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All creatures great and small - the funcrunch files


Apr. 29th, 2014 03:45 pm All creatures great and small



While walking down the street today I spotted a beautiful butterfly sitting in the middle of the sidewalk. It seemed like an odd place to find such a creature. I bent down close, and it did not fly away. I feared it must be injured. I extended my hand, and it climbed up onto my finger. I held it aloft and admired it for a minute or so. Then I gently placed it on a nearby flowering bush, and went on my way.

I thought about this natural impulse to protect and admire such an animal, a lowly insect. Most people would be alarmed at an adult who would intentionally tear off a butterfly's wings, and reprimand a child for doing so. But most of these same people would eat the wings of a chicken with no qualms whatsoever.

What is the difference between a butterfly and a chicken, from a moral perspective? A butterfly is certainly not more intelligent than a chicken; some doubt that insects are even sentient. Is it beauty? Some butterflies are quite homely, and some chickens quite beautiful.

Is it that there is no good reason to tear off a butterfly's wings? What if a person gets pleasure from doing so? Is that sufficient justification? If not, why is it sufficient justification for eating a chicken? Or eggs, given that virtually all egg-laying chickens in this country are ultimately killed for low-quality meat?

When it comes to my diet, I find it most morally consistent to draw a bright line at the animal kingdom. I don't spend time trying to decide whether an animal, or its milk or eggs, is worth consuming based on its intelligence, beauty, or what quality of life it might have had. I do not know if a butterfly feels pain in the same way that I would, or a chicken would, if I pull off her wings. But I know I have the moral sense that it is the wrong thing to do, and that it is not necessary to do so. I extend this same level of courtesy to all creatures, great and small.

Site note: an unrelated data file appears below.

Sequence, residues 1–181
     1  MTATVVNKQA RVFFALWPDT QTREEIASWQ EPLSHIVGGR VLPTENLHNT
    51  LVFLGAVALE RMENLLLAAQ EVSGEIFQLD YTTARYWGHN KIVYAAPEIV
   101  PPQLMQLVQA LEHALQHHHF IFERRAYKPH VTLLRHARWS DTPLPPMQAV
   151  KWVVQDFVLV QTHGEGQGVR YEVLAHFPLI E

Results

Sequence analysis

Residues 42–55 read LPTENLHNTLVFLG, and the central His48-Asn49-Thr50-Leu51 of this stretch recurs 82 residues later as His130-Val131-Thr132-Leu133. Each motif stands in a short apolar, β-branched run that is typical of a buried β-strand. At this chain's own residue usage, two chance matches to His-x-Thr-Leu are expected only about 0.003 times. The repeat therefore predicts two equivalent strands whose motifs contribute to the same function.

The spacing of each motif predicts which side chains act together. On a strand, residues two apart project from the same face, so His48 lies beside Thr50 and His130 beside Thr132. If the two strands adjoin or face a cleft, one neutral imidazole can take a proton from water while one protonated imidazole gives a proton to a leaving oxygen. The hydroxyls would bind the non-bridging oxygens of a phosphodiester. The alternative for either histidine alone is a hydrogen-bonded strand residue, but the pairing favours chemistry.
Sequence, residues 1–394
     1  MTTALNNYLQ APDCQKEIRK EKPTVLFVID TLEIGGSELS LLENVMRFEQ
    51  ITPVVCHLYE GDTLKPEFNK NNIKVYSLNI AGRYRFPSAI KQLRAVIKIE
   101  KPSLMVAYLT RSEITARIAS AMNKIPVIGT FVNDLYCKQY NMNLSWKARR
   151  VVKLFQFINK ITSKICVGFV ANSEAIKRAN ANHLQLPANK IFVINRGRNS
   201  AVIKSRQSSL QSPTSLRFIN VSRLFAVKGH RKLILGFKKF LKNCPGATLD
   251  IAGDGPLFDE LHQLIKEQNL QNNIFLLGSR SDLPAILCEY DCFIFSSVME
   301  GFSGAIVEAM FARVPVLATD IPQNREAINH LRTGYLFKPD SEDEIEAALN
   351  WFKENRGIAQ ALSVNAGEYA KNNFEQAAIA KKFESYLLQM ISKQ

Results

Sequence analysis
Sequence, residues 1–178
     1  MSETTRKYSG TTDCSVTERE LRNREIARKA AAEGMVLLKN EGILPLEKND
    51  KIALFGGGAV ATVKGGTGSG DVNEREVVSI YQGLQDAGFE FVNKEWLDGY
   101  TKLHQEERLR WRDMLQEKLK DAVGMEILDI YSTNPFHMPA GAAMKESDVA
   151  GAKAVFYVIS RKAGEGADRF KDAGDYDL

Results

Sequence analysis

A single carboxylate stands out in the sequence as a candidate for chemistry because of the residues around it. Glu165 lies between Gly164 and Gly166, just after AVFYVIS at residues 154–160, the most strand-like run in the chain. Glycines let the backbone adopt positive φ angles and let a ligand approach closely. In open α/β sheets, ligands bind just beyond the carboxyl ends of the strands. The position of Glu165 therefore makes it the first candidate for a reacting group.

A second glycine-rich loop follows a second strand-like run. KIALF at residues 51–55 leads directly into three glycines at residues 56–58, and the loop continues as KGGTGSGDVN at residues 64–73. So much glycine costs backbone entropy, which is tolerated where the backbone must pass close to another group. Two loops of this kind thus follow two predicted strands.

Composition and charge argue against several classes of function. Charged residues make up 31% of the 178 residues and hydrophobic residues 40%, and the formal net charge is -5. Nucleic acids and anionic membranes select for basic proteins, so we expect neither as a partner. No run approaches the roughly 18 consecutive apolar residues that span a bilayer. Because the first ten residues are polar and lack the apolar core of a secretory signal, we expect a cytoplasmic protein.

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Comments:

From:cyan_blue
Date:April 30th, 2014 11:22 pm (UTC)
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Go you :D
From:funcrunch
Date:May 1st, 2014 02:24 am (UTC)
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Thanks Geri. Are you interested in adopting a vegan diet?
From:cyan_blue
Date:May 1st, 2014 03:46 am (UTC)
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Was vegan for 3 years in college / grad school; been lacto-ovo since then. I think about being vegan again sometimes, but am not at a point of making the switch back.
From:funcrunch
Date:May 1st, 2014 03:47 am (UTC)
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Why did you decide to switch from being vegan to lacto-ovo, if you don't mind me asking?
From:cyan_blue
Date:May 1st, 2014 03:49 am (UTC)
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Had trouble keeping up with cooking while in grad school and there wasn't a whole lot of fast-prep vegan meal stuff at the available supermarkets back then. Cheese crept back into my diet with needing to do grab-and-go food a lot.
From:funcrunch
Date:May 1st, 2014 03:53 am (UTC)
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I've found a lot of quick recipes, so preparing vegan food is no more time-consuming for me than being ovo-lacto was. But the primary reason I'm vegan is for ethical reasons, which outweigh any issues of convenience for me. As I've been talking about in my blog lately (as well as on FB and G+), there's really no difference between the way animals raised for milk/eggs and animals raised for meat are treated in the U.S., and virtually all of the milk/egg producing animals are killed for meat in the end anyway.
From:cyan_blue
Date:May 1st, 2014 04:14 am (UTC)
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I know all this... have read plenty of Robbins, Lappe, etc.

I am not saying that cooking vegan is more time consuming now than cooking lacto ovo. I am saying that in grad school in a small town in the mid-90s, when I didn't have time to cook at all, the available pre-made options were rarely vegan. Hence that's how my diet changed back to lacto-ovo. You asked how it happened; I'm happy to tell you how it happened. Am not in need of convincing of why the vegan diet is better.